Knights win as Volts fall short of modest total

The Northern Knights have continued their strong start to the Georgie Pie Super Smash after the Otago Volts came just short of their 146-run target at Seddon Park this afternoon.


Being sent in to bat first, the Knights made the best start possible to a Twenty20 match, coasting along through the first 10 overs with Dean Brownlie and Anton Devcich forming a strong partnership of 50 runs plus.

Brownlie showed just why the Knights were delighted for his signing, scoring 40 off 27.

Anton Devcich was strong with the bat today as well, ending with a solid 23 from 17.

However, it was a tale of two halves for the Knights in their innings.

After the wickets of Brownlie and Devcich, the Knights batsmen really fell away, scoring at almost just a run a ball for nearly a 6-over period.

Brownlie’s run out was one of the most silly pieces of cricket in the Georgie Pie Super Smash so far.

Had it not been from a defiant knock of 45 at the end by Daryl Mitchell, the Knights would have struggled to make 100 runs.

Nathan McCullum chipped in with a maiden over, and the hot scoring from the Knights really began to drop away from then.

In reply, Otago looked like a certainty for the win early on.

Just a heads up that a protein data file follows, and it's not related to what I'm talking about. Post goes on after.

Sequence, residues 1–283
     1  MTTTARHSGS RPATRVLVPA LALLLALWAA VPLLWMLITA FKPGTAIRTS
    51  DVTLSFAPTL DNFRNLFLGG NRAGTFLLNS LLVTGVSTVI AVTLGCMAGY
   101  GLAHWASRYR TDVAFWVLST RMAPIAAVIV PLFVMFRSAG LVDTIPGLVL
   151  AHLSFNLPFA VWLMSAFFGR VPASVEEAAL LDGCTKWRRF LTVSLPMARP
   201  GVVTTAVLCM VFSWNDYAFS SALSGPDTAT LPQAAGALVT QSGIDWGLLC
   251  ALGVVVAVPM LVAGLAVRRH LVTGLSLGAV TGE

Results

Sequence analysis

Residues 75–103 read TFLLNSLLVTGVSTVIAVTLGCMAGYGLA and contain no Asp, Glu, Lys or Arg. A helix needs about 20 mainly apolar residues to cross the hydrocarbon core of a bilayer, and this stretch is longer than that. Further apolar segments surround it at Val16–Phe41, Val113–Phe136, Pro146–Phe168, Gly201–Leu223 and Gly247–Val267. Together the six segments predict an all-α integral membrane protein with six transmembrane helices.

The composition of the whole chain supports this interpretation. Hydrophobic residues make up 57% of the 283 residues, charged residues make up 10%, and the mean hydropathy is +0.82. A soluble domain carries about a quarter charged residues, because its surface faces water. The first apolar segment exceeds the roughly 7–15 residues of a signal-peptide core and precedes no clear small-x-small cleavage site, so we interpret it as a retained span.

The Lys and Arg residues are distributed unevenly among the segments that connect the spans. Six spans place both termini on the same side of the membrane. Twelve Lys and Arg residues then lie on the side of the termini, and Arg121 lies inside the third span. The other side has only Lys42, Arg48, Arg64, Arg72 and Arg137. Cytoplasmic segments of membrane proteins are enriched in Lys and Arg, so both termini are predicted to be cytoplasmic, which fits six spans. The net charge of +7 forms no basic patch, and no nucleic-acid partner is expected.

Jesse Ryder and Michael Bracewell put on over 50 runs together. Ryder was at his destructive best, scoring at will, and Bracewell began his innings with a six down the ground to get off the mark.

Once Jono Boult had broken the partnership, fortunes began to turn for the Knights, but Ryan ten Doeschate was at his brilliant best and it looked like the Dutch batsmen would steer the Volts home.

The wicket of ten Doeschate was where the Knights won this game.

Just prior to his dismissal he had blasted two sixes out of the park and considerably brought down the runs required versus balls remaining count.

In the end the Volts fell 10-runs short of their target, and the Knights win again.

But perhaps interestingly, todays result was the fourth game of the weekend that the side chasing didn’t reach what many believed to be reasonable targets.

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